The government is facing calls to withdraw its financial support for Swiss companies involved in the controversial Ilisu hydro power plant in southeastern Turkey.This content was published on October 2, 2008 - 09:16
Four engineering and consulting firms supply SFr225 million ($202 million) in goods and services - alongside other companies from European countries - and benefit from state insurance cover.
Development aid organisations and parliamentarians accuse Turkey of reneging on international social and environmental standards despite repeated pledges since 2006.
They say Switzerland's credibility is at stake if the government refuses to withdraw its support.
Economics Minister Doris Leuthard told parliament the government was fully aware of Turkey's failure to adhere to international agreements.
She outlined the procedure that could result in Switzerland withdrawal from the project, but did not specify when the relevant clause would be invoked.
"If the conditions are not met, the three export risk agencies can take action against the insurance takers under the terms of the contract. The deals with export risk and suppliers can be cancelled as a last resort," she told parliament last week.
She said it was up to the export risk agencies to give notice and launch the process - known as the Environmental Failure Notice - which would automatically stall construction.
The measure has not been applied before.
Green parliamentarian Marlies Bänziger says the statement is a reason for hope. She insists that the Swiss authorities should act now.
"Switzerland's reputation could be seriously hampered if the Swiss don't pull out. I will press for the export risk agency to be privatised if the government fails to take measures."
She said the state-funded export risk insurance scheme only makes sense if social and ecological demands can be imposed.
In a similar vein, centre-left Social Democrat parliamentarian Silvia Schenker called on the government to notify Turkey of Switzerland's withdrawal.
Schenker added it was crucial to pull the plug before the construction work on the Ilisu dam on the River Tigris begins in October as planned.
Both say the Turkish authorities have had more than two years to fulfil the more than 150 criteria for foreign investments to the tune of SFr531 million.
A Swiss pullout would have wider political and economic implications and could sour relations with Ankara.
The Swiss president and the economics minister are both planning to travel to Turkey in November to boost bilateral relations.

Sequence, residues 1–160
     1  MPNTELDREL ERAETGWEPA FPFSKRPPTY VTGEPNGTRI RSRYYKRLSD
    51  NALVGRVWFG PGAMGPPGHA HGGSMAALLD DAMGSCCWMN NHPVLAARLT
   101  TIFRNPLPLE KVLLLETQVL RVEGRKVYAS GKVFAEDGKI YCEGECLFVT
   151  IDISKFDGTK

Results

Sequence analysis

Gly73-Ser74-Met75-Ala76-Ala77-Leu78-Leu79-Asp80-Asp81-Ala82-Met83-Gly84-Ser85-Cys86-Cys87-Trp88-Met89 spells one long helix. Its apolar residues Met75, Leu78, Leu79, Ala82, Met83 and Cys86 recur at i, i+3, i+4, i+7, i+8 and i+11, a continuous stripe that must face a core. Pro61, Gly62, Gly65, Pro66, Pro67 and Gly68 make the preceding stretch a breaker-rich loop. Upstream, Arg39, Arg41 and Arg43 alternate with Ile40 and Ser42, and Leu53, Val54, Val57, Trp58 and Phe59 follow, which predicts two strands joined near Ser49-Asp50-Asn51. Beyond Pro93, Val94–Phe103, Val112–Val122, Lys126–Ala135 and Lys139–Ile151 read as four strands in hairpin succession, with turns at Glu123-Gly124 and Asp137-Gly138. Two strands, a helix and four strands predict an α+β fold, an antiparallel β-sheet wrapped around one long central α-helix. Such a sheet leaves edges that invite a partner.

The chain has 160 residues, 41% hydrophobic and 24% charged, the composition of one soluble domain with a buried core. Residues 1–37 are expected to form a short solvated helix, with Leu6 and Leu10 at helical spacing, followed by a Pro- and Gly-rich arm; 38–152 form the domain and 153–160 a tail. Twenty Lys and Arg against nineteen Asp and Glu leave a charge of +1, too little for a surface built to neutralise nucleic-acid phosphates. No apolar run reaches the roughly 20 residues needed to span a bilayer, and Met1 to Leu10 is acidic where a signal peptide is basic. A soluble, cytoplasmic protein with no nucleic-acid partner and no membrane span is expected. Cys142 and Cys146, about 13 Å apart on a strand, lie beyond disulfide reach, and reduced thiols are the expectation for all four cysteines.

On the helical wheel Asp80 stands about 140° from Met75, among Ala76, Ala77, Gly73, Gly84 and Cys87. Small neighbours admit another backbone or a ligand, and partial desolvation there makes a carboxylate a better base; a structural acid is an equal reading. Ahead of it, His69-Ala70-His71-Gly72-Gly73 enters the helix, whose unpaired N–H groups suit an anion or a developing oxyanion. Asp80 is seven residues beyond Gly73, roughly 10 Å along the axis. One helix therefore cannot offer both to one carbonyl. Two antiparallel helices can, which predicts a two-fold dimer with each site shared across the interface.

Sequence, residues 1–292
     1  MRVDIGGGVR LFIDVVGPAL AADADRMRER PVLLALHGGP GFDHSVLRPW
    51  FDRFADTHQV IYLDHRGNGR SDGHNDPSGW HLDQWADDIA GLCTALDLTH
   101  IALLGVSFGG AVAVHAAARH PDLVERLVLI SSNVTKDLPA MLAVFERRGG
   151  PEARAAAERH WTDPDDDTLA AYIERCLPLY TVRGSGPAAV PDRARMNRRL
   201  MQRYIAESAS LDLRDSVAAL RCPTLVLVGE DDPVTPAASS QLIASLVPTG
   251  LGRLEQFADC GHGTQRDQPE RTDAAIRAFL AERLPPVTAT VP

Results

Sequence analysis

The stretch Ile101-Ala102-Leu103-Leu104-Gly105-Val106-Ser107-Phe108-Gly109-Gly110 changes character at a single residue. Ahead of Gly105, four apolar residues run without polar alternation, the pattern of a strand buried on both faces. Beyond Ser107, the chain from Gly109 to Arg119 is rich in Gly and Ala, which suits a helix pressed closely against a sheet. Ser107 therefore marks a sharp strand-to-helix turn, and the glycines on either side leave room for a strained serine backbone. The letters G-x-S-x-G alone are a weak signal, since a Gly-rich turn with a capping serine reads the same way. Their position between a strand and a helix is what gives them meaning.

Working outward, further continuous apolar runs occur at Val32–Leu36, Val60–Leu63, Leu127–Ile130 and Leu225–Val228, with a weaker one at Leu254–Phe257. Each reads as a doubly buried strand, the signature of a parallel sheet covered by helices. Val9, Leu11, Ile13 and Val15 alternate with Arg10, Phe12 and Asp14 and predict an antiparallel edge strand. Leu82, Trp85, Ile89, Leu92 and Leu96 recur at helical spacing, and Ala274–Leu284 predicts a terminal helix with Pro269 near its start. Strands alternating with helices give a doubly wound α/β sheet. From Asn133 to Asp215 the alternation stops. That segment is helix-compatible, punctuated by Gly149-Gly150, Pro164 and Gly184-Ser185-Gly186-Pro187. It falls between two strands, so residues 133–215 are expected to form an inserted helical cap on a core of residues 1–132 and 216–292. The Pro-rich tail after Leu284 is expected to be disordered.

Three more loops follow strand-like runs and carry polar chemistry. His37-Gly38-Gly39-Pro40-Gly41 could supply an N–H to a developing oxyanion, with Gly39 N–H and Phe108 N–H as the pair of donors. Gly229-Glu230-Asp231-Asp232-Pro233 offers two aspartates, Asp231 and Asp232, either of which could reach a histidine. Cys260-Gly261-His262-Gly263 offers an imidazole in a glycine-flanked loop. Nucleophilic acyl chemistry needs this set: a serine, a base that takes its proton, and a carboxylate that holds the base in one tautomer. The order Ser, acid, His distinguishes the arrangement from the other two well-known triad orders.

Last month, the Turkish foreign minister visited Switzerland, which is apparently involved in mediating secret talks between Turkey and Armenia.
Relations have been strained over the recognition of the genocide of more than one million Armenians at the beginning of the 20th century.
The Swiss Export Risk Insurance confirms that independent experts found a striking lack of progress by Turkey on implementing international standards. But it warns against hasty action.
"We believe Turkey still has time to set things straight," said spokeswoman Sonja Kohler.
She said negotiations are underway between the parties involved and that it could take several months before Switzerland can withdraw.
Alstom Switzerland, one of the companies doing business for the Ilisu dam, said it had taken note of Leuthard's statement, but gave no further comment.
The non-governmental organisation, the Berne Declaration, is anxious to see action.
"For weeks now the Swiss authorities have pledged to take the necessary steps to serve a third and final warning," said spokeswoman Christine Eberlein.
But she also has some praise for the Swiss government because "it has tried at least to convince Turkey to respect international standards".
Eberlein describes the findings of the independent experts as "devastating" and pointed out that Turkey still has not set up a special committee dealing with the pending social, cultural and environmental issues in connection with the dam project in the Kurdish region.
Protests are planned in the Batman region over the next few days, according to Eberlein.
An estimated 60,000 people have to leave their homes to be resettled, ancient cultural landmarks will disappear and the water of the Tigris will be polluted as a result of the dam project.
There are concerns about environmental social issues, particularly repression of the Kurdish population in Turkey as well as potential political tensions with neighbouring Iraq and Syria.
swissinfo, Urs Geiser
The Ilisu dam is part of a larger hydro-power project drawn up by the Turkish authorities in 1991. 22 dams and 19 power plants are planned on the Tigris and Euphrates rivers in the southeast of the country.
The Ilisu dam will be 135 metres high and 1,820 metres wide holding a reservoir of 10.4 billion cubic metres of water.
The Turkish authorities pledged to fulfil more than 150 standards set by the World Bank and other international institutions to win investors for the project.
NGOs say up to 60,000 people in the majority Kurdish region of Turkey will have to be resettled.
Four Swiss companies - Alstom Switzerland, Colenco, Maggia and Stucky - are part of an international consortium.
They were granted an export risk guarantee from the Swiss government worth SFr310 million, alongside credits from Austria and Germany.
A previous consortium collapsed in 2002 when several players pulled out following fierce criticism from environmental groups and other pressure groups.
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